|While this may sound elementary for anyone who has
ever changed a flat on their car, some things are a little different
while many are the same. Read and understand your owners
manual. Some have very specific directions for jacking your
make/model trailer, so pay particular attention to those
The very first thing you want to do about a flat tire is done
before you ever leave home. Make sure you have the following
items and carry them with you all the time when towing:
- A spare tire (have you checked the air pressure lately?)
- A tire iron (does it fit both the lug nuts on the rim and the
nut that holds on the spare?)
- A jack (don't assume the tow vehicle jack will work, test it).
While testing, make sure that the jack will fit under your
selected lifting point with a flat tire. Remember the
lifting point may be a few inches lower.
- Any boards you may need under the jack raise a filled tire off
the ground a sufficient distance to seat it on the hub
- Emergency flares or traffic triangles
OK, now you have a flat tire, the first step is to make
sure you are in a safe area, sufficiently clear of any and
all passing traffic. While you may destroy the rim towing to a
different location on a flat, that is much better than placing your
family in danger. Once off the roadway remember to use flares
or triangles to alert oncoming traffic of your presence.
If you can't get to a safe location, use your cellular phone to
call the police for assistance!
Now its time to get down to the nuts & bolts (no pun
- Assuming you are connected to the tow vehicle, make sure the
tow vehicle is in "Park" and set the parking brake
(OK, some of you call it the emergency brake).
- Chock the good camper wheel.
The object of these two steps is to secure the pop up and make
sure it does not shift while you are working on it.
- Set the jack under the main frame rail, close to where the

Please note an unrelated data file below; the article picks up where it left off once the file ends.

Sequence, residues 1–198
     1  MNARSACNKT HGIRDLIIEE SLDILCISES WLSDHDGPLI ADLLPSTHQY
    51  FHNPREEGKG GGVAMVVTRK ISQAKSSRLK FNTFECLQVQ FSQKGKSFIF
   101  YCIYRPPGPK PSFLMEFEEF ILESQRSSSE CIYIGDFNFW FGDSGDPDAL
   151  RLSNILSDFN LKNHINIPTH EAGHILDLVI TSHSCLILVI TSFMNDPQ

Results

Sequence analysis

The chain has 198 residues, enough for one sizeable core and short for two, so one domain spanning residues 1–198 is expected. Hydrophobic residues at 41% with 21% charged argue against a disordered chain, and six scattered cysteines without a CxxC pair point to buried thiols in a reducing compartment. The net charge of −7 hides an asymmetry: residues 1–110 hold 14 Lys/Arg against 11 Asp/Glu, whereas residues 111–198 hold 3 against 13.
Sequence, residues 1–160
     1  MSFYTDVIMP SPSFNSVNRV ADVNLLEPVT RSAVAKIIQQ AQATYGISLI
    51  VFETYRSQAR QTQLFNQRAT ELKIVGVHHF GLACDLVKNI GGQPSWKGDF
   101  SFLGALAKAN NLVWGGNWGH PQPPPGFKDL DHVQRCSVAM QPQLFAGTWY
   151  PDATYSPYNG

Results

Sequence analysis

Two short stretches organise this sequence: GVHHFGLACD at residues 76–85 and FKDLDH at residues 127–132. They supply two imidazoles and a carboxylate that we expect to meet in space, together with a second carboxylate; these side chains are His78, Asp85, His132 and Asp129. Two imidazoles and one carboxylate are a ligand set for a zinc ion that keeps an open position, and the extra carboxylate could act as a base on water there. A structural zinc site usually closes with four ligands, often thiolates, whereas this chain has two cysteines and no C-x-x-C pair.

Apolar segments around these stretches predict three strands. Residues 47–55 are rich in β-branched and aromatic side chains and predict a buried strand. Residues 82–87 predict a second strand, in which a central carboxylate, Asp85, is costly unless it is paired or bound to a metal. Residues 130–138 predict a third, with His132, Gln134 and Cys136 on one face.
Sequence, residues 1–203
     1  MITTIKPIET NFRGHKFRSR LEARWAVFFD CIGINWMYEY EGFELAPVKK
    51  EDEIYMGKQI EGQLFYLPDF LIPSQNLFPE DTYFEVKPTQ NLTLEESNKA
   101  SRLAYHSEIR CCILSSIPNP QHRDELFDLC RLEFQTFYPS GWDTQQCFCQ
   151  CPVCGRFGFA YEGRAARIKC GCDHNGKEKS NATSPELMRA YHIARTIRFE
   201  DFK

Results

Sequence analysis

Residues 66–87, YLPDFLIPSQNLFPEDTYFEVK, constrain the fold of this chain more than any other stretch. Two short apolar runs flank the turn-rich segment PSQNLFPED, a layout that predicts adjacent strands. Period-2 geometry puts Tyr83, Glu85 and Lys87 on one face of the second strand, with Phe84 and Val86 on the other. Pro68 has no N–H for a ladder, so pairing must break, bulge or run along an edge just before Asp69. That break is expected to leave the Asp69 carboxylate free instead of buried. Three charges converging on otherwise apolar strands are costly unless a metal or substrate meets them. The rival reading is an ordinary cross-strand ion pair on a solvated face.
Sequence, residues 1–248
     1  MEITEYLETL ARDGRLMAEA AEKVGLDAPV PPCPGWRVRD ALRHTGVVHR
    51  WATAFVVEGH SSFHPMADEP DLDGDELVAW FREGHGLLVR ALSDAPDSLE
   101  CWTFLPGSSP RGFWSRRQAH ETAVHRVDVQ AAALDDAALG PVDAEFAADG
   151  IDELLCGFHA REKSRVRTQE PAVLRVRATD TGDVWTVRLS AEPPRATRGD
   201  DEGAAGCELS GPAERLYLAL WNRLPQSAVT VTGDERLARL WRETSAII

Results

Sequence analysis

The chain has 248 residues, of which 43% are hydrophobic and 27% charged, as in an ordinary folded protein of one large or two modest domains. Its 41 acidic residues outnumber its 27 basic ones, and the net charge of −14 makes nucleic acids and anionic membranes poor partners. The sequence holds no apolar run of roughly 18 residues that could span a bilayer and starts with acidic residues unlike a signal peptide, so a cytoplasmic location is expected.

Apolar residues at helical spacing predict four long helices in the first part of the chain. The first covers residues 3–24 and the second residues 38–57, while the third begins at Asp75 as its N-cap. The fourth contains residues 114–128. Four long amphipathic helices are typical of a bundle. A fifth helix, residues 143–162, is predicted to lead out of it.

springs (OK, suspension on some PUs) attach to the main frame
rail. Do not jack under the axle or cross rails as they
are not designed to carry the full weight of the trailer on a
two square inch area and can easily be damaged this way. Use any
wood necessary to raise the jack. Additionally, jacking
under the axle may push the flat tire up into the wheel well,
causing difficulty in removing the flat tire.
- Start to raise the jack until it exerts pressure under the
frame, but do not fraise the tire off the ground at this point.
- Now its time to loosen all the lug nuts on the tire to be
changed. If you raise the tire first, the tire will just
spin when you attempt to do this.
- Now jack the flat tire off the ground. Remember, you
will need more clearance when you attempt to put the inflated
spare on, so you will need to jack higher than just to remove
- Remove flat tire/replace with inflated spare tire.
- Install lug nuts, hand tighten
- Lower jack
- Tighten lug nuts using the lug wrench. Remember, most of
them are meant to be tightened to over 100 Ft Lbs.
Store everything away and continue on your way. Just
remember, you should re-check the lug nuts shortly after changing a
tire. Check your owners manual for the distance, but 50 miles
then again at 100 miles works for me.
Remember Safety First!